I recently had the pleasure of being a guest on the "Tranquility du Jour" podcast, where host, Kimberly Wilson, and I had an in-depth chat about mindfulness, meditation, retreat experiences—and of course, tranquility! :) Check it out! 
Welcome to the 317th edition of Tranquility du Jour. Today's show features Jennifer Howd on The Mindfulness Diaries. Featured Guest: Jennifer Howd is a writer, creative consultant and mindfulness facilitator with o...
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“What is the best time to meditate?  In truth, meditation can happen any time. It’s possible to practice morning, noon, or night. I find that I drop into meditative awareness at the most unexpected moments. You never know what can trigger it. It can be the play of light reflecting off a window while you walk down the street. Maybe it’s the chorus of songbirds in the tree outside your home at twilight. That said, I also agree with the great meditation masters that some times of day are more conducive than others for meditation. Here’s why.”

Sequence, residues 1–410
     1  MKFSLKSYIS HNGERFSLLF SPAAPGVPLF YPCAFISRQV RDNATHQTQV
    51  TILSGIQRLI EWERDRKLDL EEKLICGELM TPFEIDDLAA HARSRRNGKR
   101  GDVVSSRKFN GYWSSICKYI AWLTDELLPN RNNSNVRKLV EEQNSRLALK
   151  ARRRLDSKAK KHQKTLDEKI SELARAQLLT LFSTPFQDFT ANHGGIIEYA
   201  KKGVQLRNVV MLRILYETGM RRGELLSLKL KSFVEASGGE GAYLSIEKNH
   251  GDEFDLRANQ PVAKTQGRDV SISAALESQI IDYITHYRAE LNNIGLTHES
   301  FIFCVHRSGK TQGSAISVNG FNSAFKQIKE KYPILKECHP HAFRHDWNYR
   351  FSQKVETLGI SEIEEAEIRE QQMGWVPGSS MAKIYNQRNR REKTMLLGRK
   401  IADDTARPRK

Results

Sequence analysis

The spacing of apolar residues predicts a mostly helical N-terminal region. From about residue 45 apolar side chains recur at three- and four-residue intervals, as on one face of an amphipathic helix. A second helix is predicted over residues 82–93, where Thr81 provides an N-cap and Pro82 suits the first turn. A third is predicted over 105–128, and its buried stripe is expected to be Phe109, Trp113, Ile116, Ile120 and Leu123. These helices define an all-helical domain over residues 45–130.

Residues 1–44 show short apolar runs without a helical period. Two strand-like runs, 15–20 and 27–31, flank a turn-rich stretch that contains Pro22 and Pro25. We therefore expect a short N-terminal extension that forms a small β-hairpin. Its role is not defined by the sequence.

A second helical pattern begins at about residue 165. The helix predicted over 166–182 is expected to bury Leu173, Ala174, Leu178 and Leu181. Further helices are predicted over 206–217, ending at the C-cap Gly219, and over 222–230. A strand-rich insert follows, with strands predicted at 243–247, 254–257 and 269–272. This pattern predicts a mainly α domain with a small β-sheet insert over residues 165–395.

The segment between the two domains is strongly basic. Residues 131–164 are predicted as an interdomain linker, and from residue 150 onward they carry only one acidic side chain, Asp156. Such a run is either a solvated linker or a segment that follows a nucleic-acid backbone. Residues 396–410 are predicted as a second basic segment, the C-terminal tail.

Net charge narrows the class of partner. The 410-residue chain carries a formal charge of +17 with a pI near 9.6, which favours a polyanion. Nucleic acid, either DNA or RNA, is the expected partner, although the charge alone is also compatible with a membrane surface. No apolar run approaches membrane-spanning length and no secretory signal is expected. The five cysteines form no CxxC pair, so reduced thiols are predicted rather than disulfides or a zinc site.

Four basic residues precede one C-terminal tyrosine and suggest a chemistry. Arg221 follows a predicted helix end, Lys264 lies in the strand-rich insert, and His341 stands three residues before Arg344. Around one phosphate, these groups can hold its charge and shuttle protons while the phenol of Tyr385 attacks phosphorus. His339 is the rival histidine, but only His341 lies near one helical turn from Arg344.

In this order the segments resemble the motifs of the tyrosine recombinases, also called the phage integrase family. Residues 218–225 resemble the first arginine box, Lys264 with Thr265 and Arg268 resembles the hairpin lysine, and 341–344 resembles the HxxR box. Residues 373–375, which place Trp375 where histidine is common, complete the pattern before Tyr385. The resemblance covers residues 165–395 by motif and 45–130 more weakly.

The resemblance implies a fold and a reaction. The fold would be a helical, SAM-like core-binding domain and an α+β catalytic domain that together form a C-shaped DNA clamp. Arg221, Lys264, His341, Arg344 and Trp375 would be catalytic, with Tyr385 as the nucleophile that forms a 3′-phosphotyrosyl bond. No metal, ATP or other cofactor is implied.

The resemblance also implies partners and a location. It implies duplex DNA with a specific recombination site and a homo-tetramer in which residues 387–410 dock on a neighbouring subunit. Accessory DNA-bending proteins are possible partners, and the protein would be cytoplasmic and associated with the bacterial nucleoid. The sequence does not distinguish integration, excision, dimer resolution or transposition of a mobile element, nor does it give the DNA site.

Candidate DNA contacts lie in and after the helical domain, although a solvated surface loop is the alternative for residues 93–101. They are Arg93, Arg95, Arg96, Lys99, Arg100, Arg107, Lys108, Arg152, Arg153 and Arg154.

What is the best time to meditate? Mystics, sages, & meditation masters through time are unanimous in recommending that you meditate in the morning.
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Ben Butina

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My next post in the Mindful Virtue series, featuring a glamorous photo of yours truly.
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jennifer howd